April 24, 2007
I was going to write a post tonight about The Children of Hurin (and also finish reading it), but was forestalled. A web-friend of mine, a priest, wrote to me with a theological problem, knowing that I have made a bit of a study of St Bonaventure’s writings. He said that he’d been reading The Theology of Grace and the Oecumenical Movement (I book I have not read) by C. Moeller and G. Philips, and provided the following exerpt:
Arguing this time from the point of view of God, St. Bonaventure explains that the love of God, giving itself, is effective, producing a change in man. Consequently, the disposition, the created habitus, is the result of the presence of the God of love. In other words, gratia creata is the result of the continual influence of the divine light; the soul possesses the Spirit, or rather, is possessed by Him.
My friend wanted to know if this sounded wrong to me as it did to him. It did indeed sound wrong to me. Now I’m no expert in the theology of grace, but I had read the relevant works of St Bonaventure, and I knew where to turn. A little digging unearthed some results. I thought since I was unable to write the post I meant to tonight I might as well post these reflections, although they’re likely to have rather different audiences.
Breviloquium V.I.2: “Ipsa nihilominus est donum, per quod anima perficitur et efficitur sponsa Christi, filia Patris aeterni et templum Spiritus sancti; quod nullo modo fit nisi … per donum gratiae suae. Ipsa denique est donum, quod animam purgat, illuminat et perficit … et Deo iungit” etc.
“[Grace] is the gift through which the soul is perfected and made the spouse of Christ, the daughter of the eternal Father and the temple of the Holy Spirit; which in no way happens except … through the gift of his grace. For it is the gift which purges, illumines, and perfects the soul … and joins it to God” etc.
V.I.3: “Necesse est igitur spiritui rationali, ut dignus fiat aeternae beatitudinis, quod particeps fiat influentiae deiformis. Haec autem influentiae deiformis, quia est a Deo et secundum Deum et propter Deum, ideo reddit imaginem nostrae mentis conformem beatissimae Trinitati” etc.
“It is therefore necessary for the rational spirit, in order that it be made worthy of eternal beatitude, that it become a participant of the deiform influence. But this deiform influence, because it is from God and according to God and for the sake of God, therefore renders the image of our mind conformed to the Blessed Trinity” etc.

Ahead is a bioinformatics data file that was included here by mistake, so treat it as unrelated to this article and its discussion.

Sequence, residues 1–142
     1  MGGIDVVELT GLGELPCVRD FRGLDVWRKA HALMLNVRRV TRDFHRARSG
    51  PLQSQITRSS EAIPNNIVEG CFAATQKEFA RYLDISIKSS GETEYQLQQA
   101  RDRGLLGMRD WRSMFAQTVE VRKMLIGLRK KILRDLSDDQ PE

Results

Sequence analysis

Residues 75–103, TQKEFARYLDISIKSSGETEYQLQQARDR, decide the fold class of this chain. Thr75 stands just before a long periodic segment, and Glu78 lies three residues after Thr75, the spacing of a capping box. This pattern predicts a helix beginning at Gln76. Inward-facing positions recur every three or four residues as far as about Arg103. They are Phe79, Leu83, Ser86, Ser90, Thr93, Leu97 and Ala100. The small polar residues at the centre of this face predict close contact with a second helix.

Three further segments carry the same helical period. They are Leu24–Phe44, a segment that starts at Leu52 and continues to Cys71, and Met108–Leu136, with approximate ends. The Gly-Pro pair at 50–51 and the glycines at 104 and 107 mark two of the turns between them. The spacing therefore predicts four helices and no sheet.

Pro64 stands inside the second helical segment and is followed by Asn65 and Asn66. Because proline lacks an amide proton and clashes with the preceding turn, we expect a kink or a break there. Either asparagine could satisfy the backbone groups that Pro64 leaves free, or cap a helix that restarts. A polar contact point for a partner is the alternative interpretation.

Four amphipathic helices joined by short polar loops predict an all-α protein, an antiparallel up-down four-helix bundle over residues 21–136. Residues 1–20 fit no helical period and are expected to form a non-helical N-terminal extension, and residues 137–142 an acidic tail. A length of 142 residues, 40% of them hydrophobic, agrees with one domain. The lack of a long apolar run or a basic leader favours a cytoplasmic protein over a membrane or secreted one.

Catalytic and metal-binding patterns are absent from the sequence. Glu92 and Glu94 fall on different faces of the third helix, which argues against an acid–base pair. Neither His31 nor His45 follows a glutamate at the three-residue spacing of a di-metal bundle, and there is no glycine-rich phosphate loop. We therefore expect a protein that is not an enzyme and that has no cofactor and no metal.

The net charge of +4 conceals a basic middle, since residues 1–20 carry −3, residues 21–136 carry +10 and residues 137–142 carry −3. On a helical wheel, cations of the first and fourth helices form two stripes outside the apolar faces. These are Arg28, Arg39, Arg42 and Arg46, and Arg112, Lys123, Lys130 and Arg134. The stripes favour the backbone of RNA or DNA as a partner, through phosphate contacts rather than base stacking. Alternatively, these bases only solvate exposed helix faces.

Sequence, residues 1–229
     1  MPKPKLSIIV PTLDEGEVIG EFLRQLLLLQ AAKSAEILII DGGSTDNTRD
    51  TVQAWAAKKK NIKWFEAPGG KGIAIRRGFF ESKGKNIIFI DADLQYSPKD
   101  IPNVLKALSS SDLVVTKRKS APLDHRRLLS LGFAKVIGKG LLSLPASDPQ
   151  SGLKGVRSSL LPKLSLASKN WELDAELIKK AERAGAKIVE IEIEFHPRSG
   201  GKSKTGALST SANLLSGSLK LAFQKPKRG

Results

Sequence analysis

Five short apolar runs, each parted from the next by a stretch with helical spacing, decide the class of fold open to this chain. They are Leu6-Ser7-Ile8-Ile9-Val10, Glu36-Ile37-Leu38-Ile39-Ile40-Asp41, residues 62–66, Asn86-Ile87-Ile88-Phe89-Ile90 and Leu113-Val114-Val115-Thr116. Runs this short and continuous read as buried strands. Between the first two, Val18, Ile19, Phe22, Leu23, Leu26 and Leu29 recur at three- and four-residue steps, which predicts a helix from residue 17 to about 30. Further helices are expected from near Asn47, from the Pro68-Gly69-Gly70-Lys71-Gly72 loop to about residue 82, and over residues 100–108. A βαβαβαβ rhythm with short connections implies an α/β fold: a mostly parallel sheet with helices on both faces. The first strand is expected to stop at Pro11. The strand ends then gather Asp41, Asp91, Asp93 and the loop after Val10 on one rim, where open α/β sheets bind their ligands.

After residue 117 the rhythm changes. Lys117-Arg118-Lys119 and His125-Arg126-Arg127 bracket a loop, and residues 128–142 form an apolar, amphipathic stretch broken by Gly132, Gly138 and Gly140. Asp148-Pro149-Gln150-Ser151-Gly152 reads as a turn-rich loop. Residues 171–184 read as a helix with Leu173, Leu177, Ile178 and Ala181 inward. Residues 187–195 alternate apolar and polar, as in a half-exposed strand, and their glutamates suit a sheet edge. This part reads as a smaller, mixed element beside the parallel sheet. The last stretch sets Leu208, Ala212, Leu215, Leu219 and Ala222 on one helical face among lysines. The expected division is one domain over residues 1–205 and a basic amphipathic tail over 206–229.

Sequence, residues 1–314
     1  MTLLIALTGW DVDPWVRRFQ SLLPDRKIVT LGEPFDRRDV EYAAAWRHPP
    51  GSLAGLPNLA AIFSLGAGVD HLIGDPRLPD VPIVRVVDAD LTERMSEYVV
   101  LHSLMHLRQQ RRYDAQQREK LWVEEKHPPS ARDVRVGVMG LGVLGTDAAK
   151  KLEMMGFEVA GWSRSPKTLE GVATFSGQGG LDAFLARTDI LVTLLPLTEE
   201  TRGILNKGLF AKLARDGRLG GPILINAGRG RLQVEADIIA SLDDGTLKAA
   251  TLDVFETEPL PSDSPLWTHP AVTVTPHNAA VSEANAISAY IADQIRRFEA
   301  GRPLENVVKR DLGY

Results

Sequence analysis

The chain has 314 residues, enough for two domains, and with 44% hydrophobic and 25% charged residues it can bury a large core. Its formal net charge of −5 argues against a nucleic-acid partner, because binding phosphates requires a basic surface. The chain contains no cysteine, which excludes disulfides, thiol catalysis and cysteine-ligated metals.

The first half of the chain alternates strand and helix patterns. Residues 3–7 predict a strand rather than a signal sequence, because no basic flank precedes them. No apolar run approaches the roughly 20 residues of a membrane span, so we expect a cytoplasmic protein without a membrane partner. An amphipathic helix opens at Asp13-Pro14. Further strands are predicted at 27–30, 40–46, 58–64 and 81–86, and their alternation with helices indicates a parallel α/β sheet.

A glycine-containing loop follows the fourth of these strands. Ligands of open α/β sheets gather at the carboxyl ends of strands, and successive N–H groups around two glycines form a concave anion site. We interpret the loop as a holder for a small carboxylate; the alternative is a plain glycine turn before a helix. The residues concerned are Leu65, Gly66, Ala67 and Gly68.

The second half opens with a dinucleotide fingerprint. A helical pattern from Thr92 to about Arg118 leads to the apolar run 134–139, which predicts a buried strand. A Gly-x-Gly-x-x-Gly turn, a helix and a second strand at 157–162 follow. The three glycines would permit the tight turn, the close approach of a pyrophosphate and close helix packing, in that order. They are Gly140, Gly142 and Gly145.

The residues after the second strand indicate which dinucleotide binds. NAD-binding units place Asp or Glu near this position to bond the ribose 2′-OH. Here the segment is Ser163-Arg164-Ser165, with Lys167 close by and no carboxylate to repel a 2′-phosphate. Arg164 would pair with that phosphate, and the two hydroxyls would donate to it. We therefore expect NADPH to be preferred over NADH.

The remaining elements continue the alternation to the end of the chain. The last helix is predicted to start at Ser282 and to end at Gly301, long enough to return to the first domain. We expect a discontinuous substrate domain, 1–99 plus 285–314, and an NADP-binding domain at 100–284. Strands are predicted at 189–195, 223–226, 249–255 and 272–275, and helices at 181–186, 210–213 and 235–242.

V.I.4: “Rursus, quoniam qui fruitur Deo Deum habet; ideo cum gratia, quae sua deiformitate disponit ad Dei fruitionem, datur donum increatum, quod est Spiritus Sanctus, quod qui habet habet et Deum.”
“Again, because he who enjoys God has God; therefore along with grace, which by its deiformity disposes [the soul] to the enjoyment of God, is given the uncreated gift, which is the Holy Spirit, which he who has also has God.”
So I think the Moeller and Philips quote here has it backwards. It’s true that “gratia creata is the result of the continual influence of the divine light”; but it’s a mistake to take this “deiform influence” as the Person of the Spirit Himself. It seems to me that Bonaventure makes it clear that, while the gift of the Spirit and the gift of (created) grace are temporally simultaneous, the gift of grace is logically prior, because the soul is only joined to God by being purged, illumined, and perfected by grace in order to become a fit subject for God’s presence. Grace then seems to be the forerunner of the divine Person sweeping house before (or rather just as) He gets there, so to speak. St B doesn’t say that along with or as a result of the uncreated gift of the Spirit is also given created grace, but that along with grace, the deiformity which disposes the soul to God, is given God Himself.
A related discussion in Sent. Liber I, Dist.XVII, Pars.I, Art.I, Q.I asks whether besides Uncreated Charity we need to posit a created habit of charity as well. St B notes that some opine that the love by which we meritoriously love and enjoy God is itself the whole Trinity, or that it is the Spirit, the union of the Father and the Son and the nexus of both, who binds us to them in a divine imitation (he cites John 17:21), while some say that we can love God by an “animi affectio”, a feeling in the soul. He continues:
“Et in his omnibus verum dixit nec erravit, sed defecit; quia praeter hoc est ponere caritatem secundum communem opinionem, quae sit habitus creatus animam informans. Et ratio huius sumitur a parte essentae eius … quia caritas est bonitas creaturae rationalis, ipsam perficiens et distinguens et ordinans et disponens ad vitam aeternam: ergo necesse est quod sit eius formalis perfectio.”
“And all of these say something true, and do no err, but they lack something; because besides these we must posit charity according to the common opinion, that it is [also] a created habit informing the soul. And the reason for this is taken from its essence … for charity is the goodness of a rational creature, perfecting and distinguishing and ordaining and disposing it to eternal life: therefore it is necessary that it be its [the soul’s] formal perfection.”
This seems to be just what he’s saying about grace in Breviloquium. God’s presence never occurs in the soul without a corresponding, simultaneous, and (logically prior) alteration of the soul, the result of “deiform influence” but distinct from the divine Person(s), itself rendering the soul able and worthy to sustain that presence. Looking at it in terms of charity, God is always there loving us. The “presence of the God of love” is in that sense always a given. The change is not in the way God loves but in us, in the way we love Him and become thereby capable of receiving the gift of His love. That change is itself also His gift, but we don’t want to conflate the two.